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Greener, less mortality: The ranking of European Cities

Written by Gabriela Grigorita

Half the world’s population lives in cities and this is likely to increase to 70% over the next 20 years. Cities provide jobs, are centers of innovation and wealth creation, but also often are hotspots of air pollution (e.g. particulate matter, NO2), noise, heat and disease. It is well known that the high density of buildings and roads may cause the so-called urban heat island, defined as build-up areas that are hotter than nearby rural areas. Furthermore, cities often lack accessible green space and physical activity levels of people are below recommended guidelines. They also generate a large proportion of CO2 emissions and contribute significantly to the climate crisis. Recent estimates show that 60%-80% of final energy use globally is consumed by urban areas and more than 70% of global greenhouse gas emissions are produced within urban areas.

Up to 9 million people die each year because of ambient air pollution levels, 3.2 million because of lack of physical activity and 1.2 million because of traffic accidents. Noise causes more than 1.8 million deaths a year in Europe alone and heat may cause as much as around 0.4% of premature mortality annually worldwide. Population growth, aging and the climate crisis put a further burden on cities in many aspects, including health.

A team from the Barcelona Institute for Global Health (ISGlobal) has identified European cities with the highest and lowest death rates attributable to a lack of green space. The team analyzed more than 1,000 cities of over 100,000 residents in 31 European countries. The results were published in The Lancet Planetary Health and concluded that up to 43,000 premature deaths could be prevented each year if these cities met the World Health Organization’s guidelines on housing proximity to green space.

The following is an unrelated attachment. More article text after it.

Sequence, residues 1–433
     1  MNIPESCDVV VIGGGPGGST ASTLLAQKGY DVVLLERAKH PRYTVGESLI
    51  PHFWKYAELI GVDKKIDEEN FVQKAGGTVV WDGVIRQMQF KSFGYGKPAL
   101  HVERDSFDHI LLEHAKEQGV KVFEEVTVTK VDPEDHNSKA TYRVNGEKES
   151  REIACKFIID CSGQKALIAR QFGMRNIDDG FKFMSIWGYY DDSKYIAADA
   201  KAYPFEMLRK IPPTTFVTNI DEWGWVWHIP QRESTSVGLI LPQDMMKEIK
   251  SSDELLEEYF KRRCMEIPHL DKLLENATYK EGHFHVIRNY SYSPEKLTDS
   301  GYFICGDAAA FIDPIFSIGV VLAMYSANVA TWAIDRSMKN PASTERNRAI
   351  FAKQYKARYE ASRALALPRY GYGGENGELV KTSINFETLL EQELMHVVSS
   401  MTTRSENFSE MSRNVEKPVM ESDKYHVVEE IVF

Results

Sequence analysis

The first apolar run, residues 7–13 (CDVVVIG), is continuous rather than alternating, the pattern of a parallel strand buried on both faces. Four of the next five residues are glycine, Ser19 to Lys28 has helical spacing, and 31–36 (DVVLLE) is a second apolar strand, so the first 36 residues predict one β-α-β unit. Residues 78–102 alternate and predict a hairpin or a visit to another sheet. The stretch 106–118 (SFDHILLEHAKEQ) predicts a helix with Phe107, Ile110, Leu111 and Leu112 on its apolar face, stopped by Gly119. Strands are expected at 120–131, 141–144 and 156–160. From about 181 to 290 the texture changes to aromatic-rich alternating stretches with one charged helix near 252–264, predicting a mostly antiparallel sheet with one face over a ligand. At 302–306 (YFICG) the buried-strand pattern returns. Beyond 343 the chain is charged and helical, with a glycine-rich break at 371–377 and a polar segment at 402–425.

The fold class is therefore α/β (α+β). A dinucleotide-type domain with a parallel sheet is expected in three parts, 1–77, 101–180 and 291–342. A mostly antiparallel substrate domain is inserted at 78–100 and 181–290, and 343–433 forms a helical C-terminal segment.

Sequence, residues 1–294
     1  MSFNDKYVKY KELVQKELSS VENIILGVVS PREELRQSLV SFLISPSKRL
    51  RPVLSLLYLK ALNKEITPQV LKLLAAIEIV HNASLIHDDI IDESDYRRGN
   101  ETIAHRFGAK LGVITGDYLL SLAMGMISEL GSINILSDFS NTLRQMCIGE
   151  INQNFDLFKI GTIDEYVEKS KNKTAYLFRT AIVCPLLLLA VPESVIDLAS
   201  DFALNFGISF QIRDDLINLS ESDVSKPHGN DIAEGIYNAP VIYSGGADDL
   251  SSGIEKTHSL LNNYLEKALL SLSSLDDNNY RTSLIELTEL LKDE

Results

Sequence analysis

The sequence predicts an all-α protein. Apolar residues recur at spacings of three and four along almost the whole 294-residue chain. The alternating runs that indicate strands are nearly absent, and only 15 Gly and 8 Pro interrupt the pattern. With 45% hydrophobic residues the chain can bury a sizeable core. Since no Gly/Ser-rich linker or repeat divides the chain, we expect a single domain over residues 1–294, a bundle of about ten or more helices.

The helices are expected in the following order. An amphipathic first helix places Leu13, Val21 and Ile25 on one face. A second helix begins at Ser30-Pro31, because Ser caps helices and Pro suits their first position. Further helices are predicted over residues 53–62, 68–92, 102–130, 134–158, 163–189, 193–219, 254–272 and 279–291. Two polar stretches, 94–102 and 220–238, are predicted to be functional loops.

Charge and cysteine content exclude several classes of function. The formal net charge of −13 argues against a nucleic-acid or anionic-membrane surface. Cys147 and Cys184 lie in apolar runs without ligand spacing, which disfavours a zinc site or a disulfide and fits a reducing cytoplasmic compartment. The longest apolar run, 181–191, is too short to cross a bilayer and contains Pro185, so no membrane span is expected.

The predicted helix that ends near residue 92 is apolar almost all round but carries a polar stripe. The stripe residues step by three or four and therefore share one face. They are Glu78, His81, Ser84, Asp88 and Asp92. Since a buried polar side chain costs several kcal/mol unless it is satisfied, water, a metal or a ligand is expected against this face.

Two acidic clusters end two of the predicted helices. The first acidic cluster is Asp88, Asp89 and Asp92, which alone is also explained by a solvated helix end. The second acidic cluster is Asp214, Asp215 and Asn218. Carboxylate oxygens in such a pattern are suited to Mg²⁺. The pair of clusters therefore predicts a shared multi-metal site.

Green spaces bring a long range of benefits to our health, including lower premature mortality, longer life expectancy, fewer mental health problems, fewer cardiovascular diseases, better cognitive functioning in children and healthier seniors and babies. As we all know, green also helps mitigate air pollution, heat and noise levels, help capture CO2, and provide opportunities for exercise and social interaction.

The WHO recommends that there should be a green space of at least 0.5 hectares at a linear distance of no more than 300 meters from each house. Based on these guidelines and data from previous studies, the Institute for Global Health team estimated the mortality attributable to the lack of green spaces.

To calculate the amount of green space in each city, the study used the Normalized Difference Vegetation Index (NDVI), an indicator that measures how green an area is, taking into account all types of vegetation, from trees on roads to gardens. It was calculated using satellite images. Since the type of vegetation differs between cities and regions and not all have the same type of greenery, the team translated the WHO recommendation into a specific NDVI value for each city. The overall results of the NDVI showed that 62% of the population lives in areas with less green space than recommended, particularly in poorer areas.

Below are the 10 cities with more than 100,000 inhabitants with the highest mortality burden due to the low normalized differential vegetation index (NDVI):

Figure 1. The ranking of the top 10 European cities with the highest mortality due to the lack of green spaces

Inhabitants of these 10 cities with more than 100,000 inhabitants are more lucky as they have the lowest mortality burden due to the low normalized differential vegetation index (NDVI):

Figure 2: The ranking of the top 10 European cities with the lowest mortality due to the lack of green spaces